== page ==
If you haven't read it yet, now is the time. Part One and Part Two.
The idea for this short story was one of those lame "ripped from the headlines" deals about some guy who had made spreadsheets about his online dating and somehow got caught. That, in and of itself, wasn't especially interesting, but the amount of venom that was generated from the usual tolerant suspects intrigued me and I started wondering what the real story was. We'll probably never know, so I made one up.
The danger with this sort of "real life incident" writing is that it almost always sucks the vein rocket. The writer assumes, wrongly, that the unusual nature of the core conceit is enough to carry the story and the end result is a shaggy dog tale with no substance or heart. This is why I generally don't like drawing on "real life," as some people call it, for ideas. Ultimately, it can't do all the work for you, or even some of the work.
A good example of doing it right is "The Possessed" by Dostoevsky. Among other things it deals with a revolutionary being killed by his own group in hopes of bringing about a People Rise Up scenario. That's an interesting real life story, but it's the treatment it gets from the Russian that makes it memorable. In lesser hands that would not have been the case. It's the same way an interesting setting or a clever high concept or you liked it when it was this so you'll like my copy of it can't save poor writing. Character, humor, description...I don't always succeed, but it's always the goal.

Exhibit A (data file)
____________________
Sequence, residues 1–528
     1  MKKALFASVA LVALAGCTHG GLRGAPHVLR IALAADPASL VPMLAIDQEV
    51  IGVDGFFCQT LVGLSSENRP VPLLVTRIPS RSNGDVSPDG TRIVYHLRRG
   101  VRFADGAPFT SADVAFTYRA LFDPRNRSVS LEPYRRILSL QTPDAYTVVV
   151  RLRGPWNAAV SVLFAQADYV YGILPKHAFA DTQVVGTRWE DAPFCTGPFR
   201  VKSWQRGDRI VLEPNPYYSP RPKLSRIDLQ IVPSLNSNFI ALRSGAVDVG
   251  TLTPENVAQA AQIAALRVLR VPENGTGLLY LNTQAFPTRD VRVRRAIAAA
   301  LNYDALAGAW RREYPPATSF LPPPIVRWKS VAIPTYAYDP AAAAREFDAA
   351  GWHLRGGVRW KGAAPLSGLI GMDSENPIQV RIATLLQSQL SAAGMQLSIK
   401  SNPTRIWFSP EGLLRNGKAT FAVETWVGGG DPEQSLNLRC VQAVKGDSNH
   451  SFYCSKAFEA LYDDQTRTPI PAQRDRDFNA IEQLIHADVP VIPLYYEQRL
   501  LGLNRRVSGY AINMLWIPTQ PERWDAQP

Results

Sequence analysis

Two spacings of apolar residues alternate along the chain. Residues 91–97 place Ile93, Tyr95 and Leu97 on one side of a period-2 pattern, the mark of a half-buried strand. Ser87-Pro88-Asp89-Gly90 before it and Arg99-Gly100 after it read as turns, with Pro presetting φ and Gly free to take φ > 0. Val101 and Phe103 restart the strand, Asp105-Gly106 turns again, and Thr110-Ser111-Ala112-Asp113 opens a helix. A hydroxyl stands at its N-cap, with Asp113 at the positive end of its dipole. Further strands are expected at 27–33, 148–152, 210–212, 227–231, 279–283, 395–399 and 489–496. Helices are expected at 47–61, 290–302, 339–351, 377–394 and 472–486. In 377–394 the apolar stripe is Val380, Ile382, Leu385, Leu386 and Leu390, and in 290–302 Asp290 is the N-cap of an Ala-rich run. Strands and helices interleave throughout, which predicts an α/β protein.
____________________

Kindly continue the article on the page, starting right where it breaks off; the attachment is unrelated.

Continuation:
The upshot of all this is that the narrator in "Creeper" is given a chance to be a fully realized character instead of a one-line joke that gets stretched for several pages. He's no saint, for sure, but I tried to make his motives understandable and perhaps even sympathetic. I'm trying to go deeper, look at motivations and shared humanity. Does it work? Eh, it's a free short story, who gives a fuck?
But I still think, yes, it does.
My favorite joke to write was Patriot Manufacturing moving from China to Bora Bora and causing investor panic that must be assuaged ("burp and change them" as the narrator puts it). It's absurd, ridiculous, a little insulting to our intelligence and let's be honest, completely believable. That edge where a farce has some real truth to it, that's where a lot of the best humor lies. Maybe that's the one benefit of living in a country that gets more insane by the day: the jokes get a lot easier to write.
What happens to our narrator after the story ends? It's something I've wondered about, I've even considered maybe taking concepts from this and using them in a future novel. I guess the answer is "back to comfortable anonymity after the outrage fades." Indeed, the man in the real life story has been forgotten as newer, more interesting crimes and follies have cropped up. In today's world infamy has become as difficult to obtain and just as fleeting as fame. I don't know what that says about us, but probably nothing good.
DotTeeVee will be back on Sunday, see you all then.
Aaron Zehner's first novel is The Foolchild Invention.